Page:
colorado household medication take-back program boulder community health foothills hospitalAs of September 2018, Boulder Community Health’s Foothills Hospital is an official location for the Colorado Household Medication Take-Back Program. The drop-off receptacle is located in the emergency department waiting area at Foothills Hospital and is available for patients, staff, and the public for use in the disposal of household medications.

By law, only retail pharmacies, hospital or clinic pharmacies, and law enforcement facilities may have these official medication take-back receptacles. We are also listed as a drop-off site with the Colorado Department of Public Health & Environment (CDPHE) and the Drug Enforcement Administration (DEA).

Many people have unused or expired medications at home but are unsure of how to properly dispose of them. Most often, people simply just throw away or flush their medications. This can lead to medications and controlled substances ending up in our landfills and water supplies.

The program is an effort to help curb the improper disposal of medications as well as help keep prescriptions and certain controlled substances out of the hands of those who they’re not prescribed to, especially children. The public has been asking for our participation in this program and as a community-based health care organization, we take the needs and concerns of those in the community seriously.

All BCH staff, patients, their family members and the public are welcome to drop off their personal expired or unused medications and certain prescribed controlled substances. However, there are specific requirements as to which medications and substances may be disposed of in the receptacle. Hospital medications are not to be disposed of in this collection receptacle.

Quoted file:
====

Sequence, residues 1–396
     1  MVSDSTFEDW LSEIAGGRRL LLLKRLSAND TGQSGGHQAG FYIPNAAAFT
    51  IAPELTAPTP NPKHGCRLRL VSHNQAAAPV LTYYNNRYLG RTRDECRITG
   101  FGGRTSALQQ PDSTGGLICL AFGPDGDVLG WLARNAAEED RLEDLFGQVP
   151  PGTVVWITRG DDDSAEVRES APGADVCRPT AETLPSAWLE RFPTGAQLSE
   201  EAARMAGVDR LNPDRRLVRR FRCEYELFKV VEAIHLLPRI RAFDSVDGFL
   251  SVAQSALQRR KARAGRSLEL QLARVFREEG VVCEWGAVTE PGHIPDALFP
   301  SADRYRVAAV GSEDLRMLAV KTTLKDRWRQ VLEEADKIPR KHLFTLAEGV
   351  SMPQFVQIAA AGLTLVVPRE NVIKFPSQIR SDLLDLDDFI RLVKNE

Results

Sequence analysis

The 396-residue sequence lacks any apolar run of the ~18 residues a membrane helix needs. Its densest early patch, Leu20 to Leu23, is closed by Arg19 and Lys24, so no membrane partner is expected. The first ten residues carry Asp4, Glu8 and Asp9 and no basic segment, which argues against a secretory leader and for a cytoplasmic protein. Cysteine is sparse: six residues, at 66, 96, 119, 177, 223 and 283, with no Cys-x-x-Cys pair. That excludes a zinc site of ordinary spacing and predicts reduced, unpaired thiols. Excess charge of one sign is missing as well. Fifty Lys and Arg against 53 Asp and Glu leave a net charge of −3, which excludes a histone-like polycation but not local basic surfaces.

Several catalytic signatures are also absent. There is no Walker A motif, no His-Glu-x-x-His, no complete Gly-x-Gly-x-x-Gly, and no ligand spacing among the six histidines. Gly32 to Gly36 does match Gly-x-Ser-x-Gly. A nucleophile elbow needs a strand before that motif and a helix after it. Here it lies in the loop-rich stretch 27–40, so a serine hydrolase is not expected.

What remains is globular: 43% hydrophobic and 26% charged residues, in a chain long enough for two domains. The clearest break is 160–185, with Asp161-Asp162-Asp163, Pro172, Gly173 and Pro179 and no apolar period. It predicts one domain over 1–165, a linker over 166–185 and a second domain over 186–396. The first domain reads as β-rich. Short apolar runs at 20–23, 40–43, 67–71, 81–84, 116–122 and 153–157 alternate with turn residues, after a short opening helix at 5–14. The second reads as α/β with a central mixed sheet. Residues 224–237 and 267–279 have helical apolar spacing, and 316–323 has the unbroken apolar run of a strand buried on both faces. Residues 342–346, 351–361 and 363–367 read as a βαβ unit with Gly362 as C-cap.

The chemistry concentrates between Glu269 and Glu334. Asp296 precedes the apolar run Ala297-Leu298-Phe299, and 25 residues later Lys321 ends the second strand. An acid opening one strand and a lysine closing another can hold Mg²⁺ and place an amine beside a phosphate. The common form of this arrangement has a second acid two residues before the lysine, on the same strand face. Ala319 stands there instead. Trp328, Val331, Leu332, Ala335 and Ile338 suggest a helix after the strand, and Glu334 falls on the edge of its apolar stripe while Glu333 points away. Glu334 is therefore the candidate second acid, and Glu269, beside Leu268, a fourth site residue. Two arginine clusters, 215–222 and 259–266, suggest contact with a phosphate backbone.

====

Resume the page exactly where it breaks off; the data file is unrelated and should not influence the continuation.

Other medications and substances which CANNOT be accepted for disposal include:

  • Marijuana
  • DEA Schedule I drugs (heroin, LSD, ecstasy)
  • Needles, syringes and other sharps
  • Chemotherapy drugs
  • Medication waste

Medications and substances which CAN be disposed of include:

  • Prescription medications
  • Prescribed controlled substances (Vicodin, OxyContin, Adderall)
  • Over-the-counter medications
  • Vitamins

A more comprehensive list of medications and substances which can and cannot be disposed of in this receptacle can be seen in the slideshare below.

This program is also a way for us to help address the growing opioid crisis. Research shows that prescription medications are the most commonly abused drugs for children aged 12-13 and that 50% of drug abusers obtain medications from family and/or friends. According to the Centers for Disease Control and Prevention, more than 160,000 people died from prescription opioid-related overdoses between 1999 and 2014 in the U.S. This program is a small step in preventing prescription medications from being taken by those for whom they were not prescribed.

The CDPHE and DEA both recommend blacking out any personal information on medication containers before disposing in the collection receptacle. And while placing the original medication container in the receptacle is allowed, you can conserve space by pouring your pills or capsules in a zip-top bag and then recycling the original containers separately. We encourage all employees to share this information with patients and their families to help make this program a success.

For more information, please email pr@bch.org.